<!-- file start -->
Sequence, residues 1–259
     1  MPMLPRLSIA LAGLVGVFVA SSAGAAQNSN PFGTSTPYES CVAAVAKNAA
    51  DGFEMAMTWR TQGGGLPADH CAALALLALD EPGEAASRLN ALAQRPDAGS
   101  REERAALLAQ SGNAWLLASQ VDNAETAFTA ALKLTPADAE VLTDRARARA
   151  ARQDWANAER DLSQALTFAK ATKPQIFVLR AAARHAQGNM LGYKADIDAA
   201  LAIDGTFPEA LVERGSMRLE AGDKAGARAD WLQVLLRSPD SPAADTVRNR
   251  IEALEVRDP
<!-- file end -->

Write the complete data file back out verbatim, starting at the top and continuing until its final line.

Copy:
Sequence, residues 1–259
     1  MPMLPRLSIA LAGLVGVFVA SSAGAAQNSN PFGTSTPYES CVAAVAKNAA
    51  DGFEMAMTWR TQGGGLPADH CAALALLALD EPGEAASRLN ALAQRPDAGS
   101  REERAALLAQ SGNAWLLASQ VDNAETAFTA ALKLTPADAE VLTDRARARA
   151  ARQDWANAER DLSQALTFAK ATKPQIFVLR AAARHAQGNM LGYKADIDAA
   201  LAIDGTFPEA LVERGSMRLE AGDKAGARAD WLQVLLRSPD SPAADTVRNR
   251  IEALEVRDP